(In the table below, the audio for each "for a man" segment is linked to the spectrogram, while link to a longer audio clip is available from the sentential context given underneath it.)

(1)   (2)
  "I think it's the height of arrogance for a man..."[audio]     "Her brother is a man who is house-sitting for a man who plays a man house-sitting on television." [audio]
(3)   (4)
  "... especially for a man who was known to be gay." [audio]     "that was the bond set for a man charged with murdering two people" [audio]
(5)   (6)
  "...who was posing as a woman on line looking for a man to fulfill her rape fantasy..." [audio]     "... it's thirty six years in prison for a man who shot and wounded singer-songwriter Mark Coomb last year" [audio]
(7)   (8)
  "...he's surprising gentle for a man who grew up pushing a giant wheel..." [audio]     "...want the court to reinstate the death penalty for a man convicted of killing a nineteen-year-old woman..." [audio]
(9)   (10)
  "...searching for a man accused of stabbing a homeowner while trying to steal a bike." [audio]     "The search continues in central Florida for a man suspected of shooting two sheriff's deputies" [audio]

The pronunciations of "for" in "for men" fell into two classes, basically corresponding to types (1) and (2) of the "for a" pronuncations discussed above:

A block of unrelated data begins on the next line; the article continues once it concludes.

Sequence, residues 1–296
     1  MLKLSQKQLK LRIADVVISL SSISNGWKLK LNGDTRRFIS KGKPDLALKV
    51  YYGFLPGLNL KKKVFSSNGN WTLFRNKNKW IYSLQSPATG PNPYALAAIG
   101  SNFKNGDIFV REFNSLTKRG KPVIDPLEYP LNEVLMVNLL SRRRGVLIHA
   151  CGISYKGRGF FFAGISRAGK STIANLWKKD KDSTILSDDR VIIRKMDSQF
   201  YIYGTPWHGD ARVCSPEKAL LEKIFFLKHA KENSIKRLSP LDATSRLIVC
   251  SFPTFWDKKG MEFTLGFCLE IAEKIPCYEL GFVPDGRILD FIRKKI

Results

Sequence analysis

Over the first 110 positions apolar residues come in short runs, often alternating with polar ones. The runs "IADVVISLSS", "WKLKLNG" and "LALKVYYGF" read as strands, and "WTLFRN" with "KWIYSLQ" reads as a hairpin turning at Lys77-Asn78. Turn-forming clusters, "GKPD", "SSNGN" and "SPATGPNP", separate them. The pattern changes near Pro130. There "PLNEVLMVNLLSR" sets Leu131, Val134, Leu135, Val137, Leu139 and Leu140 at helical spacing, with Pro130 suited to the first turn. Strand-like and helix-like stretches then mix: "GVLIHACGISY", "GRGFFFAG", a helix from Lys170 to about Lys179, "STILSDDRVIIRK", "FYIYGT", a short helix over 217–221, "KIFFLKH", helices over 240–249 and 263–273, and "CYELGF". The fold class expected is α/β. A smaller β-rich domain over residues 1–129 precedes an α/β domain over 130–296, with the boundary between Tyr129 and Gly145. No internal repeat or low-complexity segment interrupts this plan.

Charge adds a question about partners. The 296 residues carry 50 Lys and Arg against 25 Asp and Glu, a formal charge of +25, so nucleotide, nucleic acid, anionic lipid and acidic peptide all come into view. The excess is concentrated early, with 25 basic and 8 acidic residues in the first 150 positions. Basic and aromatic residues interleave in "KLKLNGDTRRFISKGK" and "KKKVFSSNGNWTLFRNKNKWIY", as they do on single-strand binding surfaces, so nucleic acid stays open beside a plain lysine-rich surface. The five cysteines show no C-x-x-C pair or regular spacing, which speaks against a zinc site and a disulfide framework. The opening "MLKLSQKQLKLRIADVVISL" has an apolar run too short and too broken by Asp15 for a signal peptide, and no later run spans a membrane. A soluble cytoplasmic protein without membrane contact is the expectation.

Type 1: the vowel of "for" is just a syllabic /r/ (or rhotic schwa, or what have you), pretty much a monophthong, with F3 low from the start. In the table below, examples (1), (3), (5), (7), (8), (9) and (10) are of this type.

Type 2: the vowe of "for" starts out much less rhotic, with F3 higher, and then transitions into an [ɹ] region with low F3. Example (2) and (4) below are of this type, with example (6) tending a bit in this direction.

(1)   (2)
  "...stood for 'men with zippers' ..." [audio]    

"... that the office of elder is restricted for men..." [audio]

(3)   (4)
  "... some sort of cosmetic treatment for men." [audio]    

"...the difference between writing for men or for women..." [audio]

(5)   (6)
  "It was a figure of six percent for women and five and a half percent for men..." [audio]     "... you hope it's gonna be the same for men" [audio]
(7)   (8)
  "...showed that for men, two thirds of men believed..." [audio]     "...pleasure toys and beer-fetchers for men." [audio]
(9)   (10)
  "...brought to you by autotrader.com and Milton's the Store for Men." [audio]     "..was also the accusation that the highest level of memberships were reserved for men..." [audio]

In the case of the "for men" examples, the start of the [m] is often rhoticized as well.

OK, now what about Neil Armstrong's phrase?

Here are the two plausible hypotheses about its analysis.